In June of 2017, we traveled up to Dearborn, Michigan and to the Henry Ford Museum. This will be one of several posts that we do about the museum and the Greenfield Village, but this one will be focused on the Presidential Limousines at the museum.
There are many interesting artifacts at the museum and village. Henry Ford had a vast collection of items, including buildings, and for a history and paranormal buff, this is one of those places you should have on your bucket list.
The Henry Ford Museum is located at 20900 Oakwood Blvd, Dearborn, MI 48124. You can check their website for operational times and ticket pricing.
First, before I start talking about the different limousines at the museum, let me explain how they actually arrived at the museum in the first place in case you were wondering. You see, The Henry Ford’s Presidential Lincolns were leased to the White House. As the leases ended, the cars returned to Ford Motor Company and the firm gifted them to the museum. Currently, Cadillac supplies the president’s state cars. Each is custom-built – most recently on truck platforms – and each is typically destroyed at the end of its service life; however, those that were owned and built by Ford are preserved at the Henry Ford Museum. One of the main reasons that I wanted to go to the museum was to see the John F. Kennedy car (which we did, more on that below), but we were amazed as to how many were actually there.
As you walk through the doors into the museum, the Presidential Limousines are to the right. I am going to talk about them now in chronological order, not in the order that you come across them in the museum. They have these lined up from the front door from the newest to the oldest.
"Brougham," - Teddy Roosevelt
President Theodore Roosevelt was not fond of automobiles and rarely used one. He preferred the old fashioned horse and carriage for parades and meetings. Inside the "Brougham' two passengers could sit inside with privacy while the driver was outside of the carriage. It was designed closer to the ground then most carriages so that passengers could easily get inside and out. This carriage was not custom built like later Presidential vehicles, but was the type of carriage used by people to show off their wealth and power.
“Sunshine Special,” - Franklin D. Roosevelt
This 1939 Lincoln Model K most often associated with Franklin D. Roosevelt, was the first parade car specifically modified for presidential use. Coachbuilder Brunn & Company focused more on utility than luxury, deleting armrests for maximum seating capacity and adding wide running boards for Secret Service agents. The car was not armored until Pearl Harbor, when bullet resistant tires, glass and armor plating were installed.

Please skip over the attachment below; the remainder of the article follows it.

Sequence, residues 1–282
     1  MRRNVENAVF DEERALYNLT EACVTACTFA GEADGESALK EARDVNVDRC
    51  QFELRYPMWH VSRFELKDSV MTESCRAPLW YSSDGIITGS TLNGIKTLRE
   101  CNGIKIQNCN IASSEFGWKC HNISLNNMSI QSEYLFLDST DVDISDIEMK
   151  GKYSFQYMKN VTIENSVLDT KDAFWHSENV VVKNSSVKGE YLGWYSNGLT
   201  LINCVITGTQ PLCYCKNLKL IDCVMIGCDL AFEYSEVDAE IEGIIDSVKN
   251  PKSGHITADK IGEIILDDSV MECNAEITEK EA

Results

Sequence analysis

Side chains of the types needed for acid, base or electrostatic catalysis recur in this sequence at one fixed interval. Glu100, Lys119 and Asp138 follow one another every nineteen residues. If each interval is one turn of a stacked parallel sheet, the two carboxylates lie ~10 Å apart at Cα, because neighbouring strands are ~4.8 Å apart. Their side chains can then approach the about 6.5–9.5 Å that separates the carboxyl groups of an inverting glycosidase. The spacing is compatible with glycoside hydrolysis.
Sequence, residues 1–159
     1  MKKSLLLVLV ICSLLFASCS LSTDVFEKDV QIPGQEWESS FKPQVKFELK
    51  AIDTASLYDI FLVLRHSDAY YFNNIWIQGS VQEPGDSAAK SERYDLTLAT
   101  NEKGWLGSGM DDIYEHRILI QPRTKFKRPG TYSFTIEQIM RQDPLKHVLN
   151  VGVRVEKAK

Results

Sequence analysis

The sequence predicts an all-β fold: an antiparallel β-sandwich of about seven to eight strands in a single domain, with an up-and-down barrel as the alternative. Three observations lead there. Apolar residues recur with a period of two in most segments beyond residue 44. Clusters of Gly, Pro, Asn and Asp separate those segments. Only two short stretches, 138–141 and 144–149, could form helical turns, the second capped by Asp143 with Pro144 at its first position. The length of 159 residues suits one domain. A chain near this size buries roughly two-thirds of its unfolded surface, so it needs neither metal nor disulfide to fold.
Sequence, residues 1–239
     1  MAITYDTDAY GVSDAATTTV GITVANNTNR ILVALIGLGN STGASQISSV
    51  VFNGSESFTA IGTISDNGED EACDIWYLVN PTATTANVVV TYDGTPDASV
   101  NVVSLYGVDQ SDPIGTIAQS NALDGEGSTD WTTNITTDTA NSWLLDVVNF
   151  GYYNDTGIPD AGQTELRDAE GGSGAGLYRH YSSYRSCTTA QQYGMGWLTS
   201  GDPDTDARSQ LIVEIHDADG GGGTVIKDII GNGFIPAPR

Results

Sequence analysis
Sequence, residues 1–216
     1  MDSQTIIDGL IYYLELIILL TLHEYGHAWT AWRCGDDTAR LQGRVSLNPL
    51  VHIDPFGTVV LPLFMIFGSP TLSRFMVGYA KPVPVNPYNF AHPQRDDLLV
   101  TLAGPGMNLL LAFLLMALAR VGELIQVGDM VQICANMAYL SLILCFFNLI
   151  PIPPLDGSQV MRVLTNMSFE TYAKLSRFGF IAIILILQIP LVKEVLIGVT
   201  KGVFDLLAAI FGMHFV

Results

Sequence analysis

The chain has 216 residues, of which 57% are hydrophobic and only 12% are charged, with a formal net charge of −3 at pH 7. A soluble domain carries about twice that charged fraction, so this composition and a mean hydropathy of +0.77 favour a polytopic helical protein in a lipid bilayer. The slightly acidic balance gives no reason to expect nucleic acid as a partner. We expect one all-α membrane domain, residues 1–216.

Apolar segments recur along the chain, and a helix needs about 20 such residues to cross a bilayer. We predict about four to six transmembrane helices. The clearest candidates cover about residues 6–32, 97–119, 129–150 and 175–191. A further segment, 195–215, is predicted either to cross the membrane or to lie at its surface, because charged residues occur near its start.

"Bubbletop," - Harry S. Truman
In 1950, Harry S. Truman took delivery of a new Lincoln with a body by Raymond Dietrich, but the car was used most often by successor Dwight D. Eisenhower. Again there was no armor, but in 1954 the limo received the weatherproof plexiglass roof that inspired its nickname, the “Bubbletop.” Security features did not extend much beyond riding steps on the rear bumper and flashing red lights at the front.
Kennedy Car - John F. Kennedy, Lyndon B. Johnson, Richard Nixon
Planning for the next car started under Eisenhower, but the 1961 Lincoln Continental limo is forever tied to John F. Kennedy. Once again, armor was not considered necessary, and Kennedy preferred to travel with the top removed whenever possible. But his assassination ended the tradition of open cars. After John F. Kennedy was assassinated in this car on November 22, 1963. The midnight blue, un-armored convertible was rebuilt with a permanent roof, titanium armor plating, and more somber black paint by Ford and custom car building Hess & Eisenhardt. The limousine returned to the White House and remained in service until 1977.
More information about the Kennedy car can be found in our following video.
The 1972 Lincoln limousine was the first presidential parade car designed and built as an armored vehicle from the start. Security was now of prime importance – a point dramatically underscored when Ronald Reagan suffered an attempt on his life in 1981.
President Reagan was getting into this car when he was shot by John Hinckley on March 30, 1981. The car carried Reagan to the hospital. Presidents Nixon, Ford, Carter, and George H.W. Bush also used this car. In 1982 the front sheet metal was updated, but since a 1982 grille no longer fit properly on the 1972 body, a 1979 grille was used.
Words cannot fully describe the feeling of being in the presence of this collection. So much history and the wonderment about the conversations that have transpired within these vehicles over their time of their service can be somewhat overwhelming. Plus, having the opportunity to see the Kennedy Car up close was another check mark off my bucket list. If you have been to the museum and seen these vehicles, please leave us a comment down below.